We will accept applications for this program for Fall 2013.
Mission and Goals:
The mission statement of the M.A. program in Philosophy (reflecting those of the Department and the University) is as follows:
Engaging in graduate study in philosophy is to engage in a process of coming to understand one’s self and one’s place in the world. The M.A. in Philosophy is devoted to this endeavor through its content and form. It engages students in asking questions about the possibility of knowledge, the nature of morality, beauty and aesthetic experience, the meaning of religious experience, the justification and limits of power, and the purpose and meaning of philosophical inquiry itself. And it holds that to be successful in this enquiry clear and careful thinking, the ability to question deeply held assumptions and attitudes, and a commitment to sound reasoning and careful appraisal of evidence is needed.
The goal of the M.A. in Philosophy is therefore to offer the highest quality liberal arts education to our future graduate students. Our Philosophy postgraduates will finish this M.A. program with an in-depth knowledge of the processional discipline as well as the detailed understanding of the history of ideas more generally. This entails rigorous training in rational and critical thought, the close reading and interpretation of some of the history of philosophy’s most challenging texts, exemplary intellectual responsibility, and the ability to clearly and effectively present the results of independently conducted research within the form of a M.A. thesis.
In the words of the executive director of the American Philosophical Association, “The skills that philosophy teaches you are wonderfully transferable.” Our program aims at teaching students advanced philosophical skills, which they will be able to usefully apply either within the context of a future professional career of as preparation for entering a Ph.D. program at another institution. Students often register for graduate study in Philosophy because of their love of the discipline, rather than for any utilitarian purpose.
Nonetheless, a background in Philosophy can be professionally beneficial, insofar as employers and professional schools have become increasingly aware over the last couple of decades that philosophers tend to have the best training in thinking and writing, and are open and flexible.
). This training will be further reinforcedby the course requirements for the Department’s Philosophy Graduate Core courses, in which the students will be required to find and engage with relevant secondary literature and write in a highly professional manner for any of the papers upon which they will be examined.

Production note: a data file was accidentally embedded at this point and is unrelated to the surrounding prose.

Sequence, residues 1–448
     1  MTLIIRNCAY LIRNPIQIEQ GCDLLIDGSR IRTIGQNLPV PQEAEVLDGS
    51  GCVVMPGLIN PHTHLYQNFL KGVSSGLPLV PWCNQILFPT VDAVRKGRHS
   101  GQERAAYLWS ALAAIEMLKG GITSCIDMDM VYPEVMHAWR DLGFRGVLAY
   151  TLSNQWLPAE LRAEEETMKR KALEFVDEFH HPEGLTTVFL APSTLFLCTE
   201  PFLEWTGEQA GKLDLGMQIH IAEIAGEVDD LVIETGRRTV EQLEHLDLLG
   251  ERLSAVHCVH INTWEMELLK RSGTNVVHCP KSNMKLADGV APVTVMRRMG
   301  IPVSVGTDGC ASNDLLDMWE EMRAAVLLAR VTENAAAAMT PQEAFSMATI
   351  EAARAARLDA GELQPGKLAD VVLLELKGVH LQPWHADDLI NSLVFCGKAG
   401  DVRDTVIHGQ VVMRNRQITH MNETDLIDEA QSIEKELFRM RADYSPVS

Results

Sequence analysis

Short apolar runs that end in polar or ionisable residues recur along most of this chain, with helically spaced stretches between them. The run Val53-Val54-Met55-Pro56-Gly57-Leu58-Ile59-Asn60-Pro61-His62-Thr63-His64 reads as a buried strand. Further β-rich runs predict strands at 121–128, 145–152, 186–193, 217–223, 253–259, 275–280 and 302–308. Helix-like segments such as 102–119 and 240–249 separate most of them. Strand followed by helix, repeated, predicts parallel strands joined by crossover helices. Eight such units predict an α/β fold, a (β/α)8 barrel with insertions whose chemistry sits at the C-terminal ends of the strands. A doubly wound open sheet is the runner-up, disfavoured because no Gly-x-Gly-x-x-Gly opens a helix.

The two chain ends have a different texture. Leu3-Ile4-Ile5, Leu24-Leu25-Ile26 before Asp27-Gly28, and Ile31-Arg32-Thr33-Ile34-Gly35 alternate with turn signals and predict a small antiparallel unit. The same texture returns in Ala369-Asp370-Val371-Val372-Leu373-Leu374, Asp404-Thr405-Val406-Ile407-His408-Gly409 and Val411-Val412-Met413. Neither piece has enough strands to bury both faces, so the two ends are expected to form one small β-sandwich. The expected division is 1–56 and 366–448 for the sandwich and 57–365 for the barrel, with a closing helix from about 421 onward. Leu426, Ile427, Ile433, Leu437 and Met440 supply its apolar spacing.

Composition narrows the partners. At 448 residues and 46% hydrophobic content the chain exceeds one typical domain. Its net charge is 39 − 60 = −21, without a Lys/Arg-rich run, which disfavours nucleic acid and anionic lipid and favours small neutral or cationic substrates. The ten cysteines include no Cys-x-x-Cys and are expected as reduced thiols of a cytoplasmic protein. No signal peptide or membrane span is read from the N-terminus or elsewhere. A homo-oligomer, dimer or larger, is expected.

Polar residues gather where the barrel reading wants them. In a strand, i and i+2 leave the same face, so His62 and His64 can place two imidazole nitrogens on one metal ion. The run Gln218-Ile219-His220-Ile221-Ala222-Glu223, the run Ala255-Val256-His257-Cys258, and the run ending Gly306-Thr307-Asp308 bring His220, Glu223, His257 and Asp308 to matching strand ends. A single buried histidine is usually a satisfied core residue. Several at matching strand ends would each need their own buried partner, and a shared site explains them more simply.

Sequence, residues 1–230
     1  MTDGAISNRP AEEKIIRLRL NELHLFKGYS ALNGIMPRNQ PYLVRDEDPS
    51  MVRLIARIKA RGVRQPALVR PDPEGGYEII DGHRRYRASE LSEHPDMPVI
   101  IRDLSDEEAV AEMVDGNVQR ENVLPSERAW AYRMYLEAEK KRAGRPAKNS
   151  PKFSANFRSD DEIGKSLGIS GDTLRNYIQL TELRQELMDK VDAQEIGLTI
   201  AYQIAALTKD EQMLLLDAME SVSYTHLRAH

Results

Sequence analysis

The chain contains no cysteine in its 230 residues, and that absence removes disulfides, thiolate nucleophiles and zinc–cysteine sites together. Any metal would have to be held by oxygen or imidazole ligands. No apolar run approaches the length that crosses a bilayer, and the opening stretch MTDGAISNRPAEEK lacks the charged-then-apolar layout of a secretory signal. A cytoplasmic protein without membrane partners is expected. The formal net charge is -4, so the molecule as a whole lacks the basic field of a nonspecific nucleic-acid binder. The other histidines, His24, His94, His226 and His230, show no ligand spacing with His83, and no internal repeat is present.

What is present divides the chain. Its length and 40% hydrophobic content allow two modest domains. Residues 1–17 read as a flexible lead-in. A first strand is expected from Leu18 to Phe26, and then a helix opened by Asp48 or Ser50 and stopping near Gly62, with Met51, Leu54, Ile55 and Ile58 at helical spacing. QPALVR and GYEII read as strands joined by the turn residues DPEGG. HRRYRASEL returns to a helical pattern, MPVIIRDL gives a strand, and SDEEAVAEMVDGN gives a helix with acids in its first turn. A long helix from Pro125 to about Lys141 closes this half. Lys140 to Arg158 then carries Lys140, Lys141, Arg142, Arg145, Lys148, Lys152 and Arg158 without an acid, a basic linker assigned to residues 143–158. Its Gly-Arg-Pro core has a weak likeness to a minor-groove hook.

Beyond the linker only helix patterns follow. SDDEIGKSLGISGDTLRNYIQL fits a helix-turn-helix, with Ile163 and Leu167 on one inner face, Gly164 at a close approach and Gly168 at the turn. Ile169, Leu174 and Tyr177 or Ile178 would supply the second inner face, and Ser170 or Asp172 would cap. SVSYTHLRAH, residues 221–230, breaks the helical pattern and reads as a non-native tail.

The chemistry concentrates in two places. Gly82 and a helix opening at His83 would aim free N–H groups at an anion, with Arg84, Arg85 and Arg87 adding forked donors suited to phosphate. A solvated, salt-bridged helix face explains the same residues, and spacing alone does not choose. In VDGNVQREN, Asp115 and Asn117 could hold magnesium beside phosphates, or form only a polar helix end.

The M.A. in Philosophy will be aimed at any undergraduate with a background in the study of philosophy. A minimum of twenty-four graduate hours will be required.
Eight courses must be taken, at least six of which must be taken within the Department of Philosophy at the 500 level. Students will be required to follow the Philosophy Graduate Core, a series of advanced 500 level seminars that are open only to Masters students. Two such 500 level seminars will be taught each semester. The Department will also offer a series of electives: a select number of undergraduate courses that can also be taken at the 500 level.
A maximum of two courses will be able to be taken within other departments at AUC, at either the 400 or 500 level but only with Chair’s approval. Students who are not native speakers of Arabic and who wish to write a thesis within the sphere of Islamic Philosophy will be strongly encouraged to elect for credit at least one of the courses (at an appropriate level) offered by the Arabic Language Institute. Although AUC does not currently offer formal instruction in modern European language, students intending to write a thesis within the sphere of Continental Philosophy will be required to have a basic reading knowledge of either French or German. Any student who wishes to write a thesis in the sphere of Continental Philosophy but who lacks such knowledge is strongly encouraged to privately arrange some tuition outside of AUC.
Before commencing work upon the thesis students will be required to write and defend a thesis proposal before three departmental members. The thesis itself should take the form of a research paper of approximately 15,000 words in length. There will also be a final defense of the finished thesis.
The Philosophy Graduate Program Director will organize a series of (non-credit) seminars at the beginning of every academic year, which all graduate students will be expected to attend in order to ensure that they possess the research and academic writing skills requisite for tackling the thesis (